23 April 2014 - 8:00Mr. AwesomeBar Runs for Congress

tl;dr The non-profit Mozilla changed the Internet by giving users choice and liberty. I, Ed Lee, want to build on that foundation to change how politics works in 2 ways: 1) get rid of politicians who focus on money and forget about voters and 2) change how politics is won by showing you can win without spammy advertisements that track tons of data about people. The Internet helped Mozilla take on “unbeatable” opponents, and I need your help to do the same.

I became a Mozillian 10 years ago. I found my passion helping people through Mozilla, a non-profit that promotes user choice and liberty on the Internet. These values attracted me to Mozilla in the first place, and I believe in these values even more after being employed at Mozilla for five years. I want to bring these values to politics because while the Internet can be a big part of our lives, politics tend to control the rest and can destroy the things/people we care about most.

During the SOPA protests, SopaTrack showed not only which Representatives were co-sponsors for the bill but also how often they voted with whichever side gave the most money. I was quite appalled to find out that Mark Amodei co-sponsored a bill that would take away our freedoms and earned a perfect 100% record of voting with the money [itworld.com].

The behavior of this “Representative” is the complete opposite of the values that brought me to Mozilla, and I believe the correct solution is to vote out these politicians. That’s why I’m running against him as a US Congress candidate in Nevada on a platform of “Non Profit” and “For Liberty” to directly contrast with this incumbent.

Amodei votes 100% with money, SOPA co-sponsor vs. Ed Lee

Amodei votes 100% with money, SOPA co-sponsor vs. Ed Lee

I’ve talked to various people involved in politics, and I’ve been ignored, laughed at, told to go away and stop wasting my time. The most interesting dismissal: “the Internet can’t help,” and I thought to myself, “Challenge Accepted.” I hope the rest of the Internet is as outraged as I was to hear that the best action is to do nothing and give a free pass to this incumbent who just votes with the money to destroy our liberties.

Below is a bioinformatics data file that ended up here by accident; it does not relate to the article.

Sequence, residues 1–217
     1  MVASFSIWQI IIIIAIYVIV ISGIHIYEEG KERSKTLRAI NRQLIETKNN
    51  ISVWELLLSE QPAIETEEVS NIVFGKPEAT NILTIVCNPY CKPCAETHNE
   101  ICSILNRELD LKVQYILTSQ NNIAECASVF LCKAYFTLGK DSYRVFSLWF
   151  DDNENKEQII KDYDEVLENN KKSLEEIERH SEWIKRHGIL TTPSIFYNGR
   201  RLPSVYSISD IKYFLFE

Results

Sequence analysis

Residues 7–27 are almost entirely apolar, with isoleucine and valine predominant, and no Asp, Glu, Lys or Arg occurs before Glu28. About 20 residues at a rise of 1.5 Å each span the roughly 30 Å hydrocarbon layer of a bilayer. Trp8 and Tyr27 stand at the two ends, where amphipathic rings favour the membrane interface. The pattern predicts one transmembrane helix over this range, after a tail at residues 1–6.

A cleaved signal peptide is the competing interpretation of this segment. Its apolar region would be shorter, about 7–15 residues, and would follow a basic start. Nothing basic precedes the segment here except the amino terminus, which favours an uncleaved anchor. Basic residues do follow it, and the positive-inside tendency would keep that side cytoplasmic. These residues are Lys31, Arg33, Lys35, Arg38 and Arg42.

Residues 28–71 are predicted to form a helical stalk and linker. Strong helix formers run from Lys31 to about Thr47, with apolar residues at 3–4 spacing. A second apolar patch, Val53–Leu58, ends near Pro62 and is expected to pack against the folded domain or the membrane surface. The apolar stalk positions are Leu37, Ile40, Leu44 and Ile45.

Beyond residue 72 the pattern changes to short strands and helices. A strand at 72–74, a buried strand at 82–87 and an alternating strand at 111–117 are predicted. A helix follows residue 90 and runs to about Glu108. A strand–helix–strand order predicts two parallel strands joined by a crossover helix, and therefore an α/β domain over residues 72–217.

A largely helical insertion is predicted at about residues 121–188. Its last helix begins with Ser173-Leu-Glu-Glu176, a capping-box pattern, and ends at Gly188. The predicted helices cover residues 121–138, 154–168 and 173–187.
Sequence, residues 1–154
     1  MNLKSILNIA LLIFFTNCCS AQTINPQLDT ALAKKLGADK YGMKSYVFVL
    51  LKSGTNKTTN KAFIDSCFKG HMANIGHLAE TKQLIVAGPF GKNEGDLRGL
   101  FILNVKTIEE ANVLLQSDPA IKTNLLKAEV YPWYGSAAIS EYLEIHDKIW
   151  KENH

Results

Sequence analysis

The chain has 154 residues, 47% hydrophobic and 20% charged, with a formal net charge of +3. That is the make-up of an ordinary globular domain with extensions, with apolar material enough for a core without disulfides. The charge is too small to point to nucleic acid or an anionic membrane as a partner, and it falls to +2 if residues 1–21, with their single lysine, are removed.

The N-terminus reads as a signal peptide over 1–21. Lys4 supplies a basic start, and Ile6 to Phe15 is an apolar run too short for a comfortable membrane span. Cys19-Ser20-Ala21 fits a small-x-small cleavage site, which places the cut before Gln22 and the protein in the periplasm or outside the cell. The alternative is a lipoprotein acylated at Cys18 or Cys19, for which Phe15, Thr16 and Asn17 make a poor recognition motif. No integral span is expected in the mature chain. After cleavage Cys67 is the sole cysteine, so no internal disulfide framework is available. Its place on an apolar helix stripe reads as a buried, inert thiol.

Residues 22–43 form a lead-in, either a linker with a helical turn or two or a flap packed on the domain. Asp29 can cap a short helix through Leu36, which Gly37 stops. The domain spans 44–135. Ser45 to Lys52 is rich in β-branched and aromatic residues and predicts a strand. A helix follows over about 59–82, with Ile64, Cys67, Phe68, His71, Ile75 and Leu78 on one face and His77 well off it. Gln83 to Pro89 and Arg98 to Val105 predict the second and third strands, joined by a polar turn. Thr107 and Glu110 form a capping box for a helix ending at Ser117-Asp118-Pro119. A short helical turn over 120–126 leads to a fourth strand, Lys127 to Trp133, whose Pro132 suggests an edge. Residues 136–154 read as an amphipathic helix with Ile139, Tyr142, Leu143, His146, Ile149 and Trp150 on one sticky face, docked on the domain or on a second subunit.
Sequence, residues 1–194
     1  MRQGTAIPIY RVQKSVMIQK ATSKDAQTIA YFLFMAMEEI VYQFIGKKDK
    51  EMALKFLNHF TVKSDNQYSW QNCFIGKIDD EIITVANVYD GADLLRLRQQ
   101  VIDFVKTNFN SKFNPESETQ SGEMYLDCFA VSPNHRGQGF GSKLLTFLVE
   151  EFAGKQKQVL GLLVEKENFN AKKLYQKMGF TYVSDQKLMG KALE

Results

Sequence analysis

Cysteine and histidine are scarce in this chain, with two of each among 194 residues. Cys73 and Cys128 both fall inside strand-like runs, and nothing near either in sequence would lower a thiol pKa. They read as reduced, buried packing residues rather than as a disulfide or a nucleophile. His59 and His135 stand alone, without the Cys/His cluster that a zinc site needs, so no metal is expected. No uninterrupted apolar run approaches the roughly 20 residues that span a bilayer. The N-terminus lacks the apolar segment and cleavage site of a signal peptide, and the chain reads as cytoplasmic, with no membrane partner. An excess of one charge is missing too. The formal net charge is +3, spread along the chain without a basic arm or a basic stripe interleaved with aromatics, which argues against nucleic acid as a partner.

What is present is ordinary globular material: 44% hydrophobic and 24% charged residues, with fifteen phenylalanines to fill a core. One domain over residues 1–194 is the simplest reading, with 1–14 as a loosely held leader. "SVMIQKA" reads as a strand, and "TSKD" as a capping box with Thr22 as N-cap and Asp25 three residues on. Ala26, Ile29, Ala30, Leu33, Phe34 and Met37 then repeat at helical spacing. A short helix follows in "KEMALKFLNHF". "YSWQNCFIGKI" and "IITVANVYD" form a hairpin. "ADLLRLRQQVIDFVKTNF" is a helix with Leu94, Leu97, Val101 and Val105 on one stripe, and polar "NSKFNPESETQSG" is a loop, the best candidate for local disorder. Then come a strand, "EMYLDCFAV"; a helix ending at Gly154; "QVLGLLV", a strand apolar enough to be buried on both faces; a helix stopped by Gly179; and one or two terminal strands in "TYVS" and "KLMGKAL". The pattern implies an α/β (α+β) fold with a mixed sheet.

Mozilla was in a similar situation when Firefox had to take on the dominant web browser. The Internet cared about the browser that focuses on the user (e.g., would you like to see that popup?). People helped spread Firefox even without understanding the non-profit that created it because the built in values of freedom and choice resonated with users.

My ask of you is to think of aunts/uncles/friends/relatives in Reno/Sparks/Carson City and see if they’re on this anonymized list of names [edlee2014.com]. If so, please text or call that person and simply say “please look into Ed Lee,” and if you let me know, I’ll personally follow up with your contact. If you don’t find anyone on the list, please share it with others whom you think might know someone living in the northern half of Nevada. Early voting starts in a month with the primary less than 2 months away on June 10th, so let’s move fast!

I’m aiming for at least a third of the midterm primary votes in a 4-way race, and that roughly comes out to just over 9000. (Really!) The anonymized list of names are of people most likely to vote in my district’s Democratic primary, and the plan is to have the millions on the Internet find a connection to those several thousands to make a personal request. This is as opposed to traditional political advertising where large amounts of money is raised to track down and spam people where I estimate more than 95% of people won’t even be moved to vote or vote differently. With my Mozilla background, that’s not how I would want to approach campaigning.

If this technique works for the primary, it could work for the general election by focusing on non-partisan voters. We can further develop this technique to vote out all the money-seeking politicians and replace them with people who care about individuals and freedoms across the US, and dare I say, across the world.

The Internet helped Mozilla change the world with its non-profit mission and strong core values. I need your help to do the same in the world of politics.

Ed Lee (Ed “Mr. AwesomeBar” Lee is a bit long for the ballot)

Paid for by Ed Lee for Congress
Yay for free speech, but apparently not free-as-in-beer if not correctly attributed.

6 Comments | Tags: AwesomeBar, Mozilla, Politics

4 April 2014 - 8:51Why I’m a Mozillian

I became a Mozillian 10 years ago when I started participating in Bugzilla and helping with the Spread Firefox campaign, earning both the 25 million and 50 million-downloads coins. I was just a freshman at the University of Illinois studying Computer Science, but I was eager to help the non-profit Mozilla create a web browser that promotes user choice for liberty.

SF Mozilla Monument

San Francisco Mozilla Monument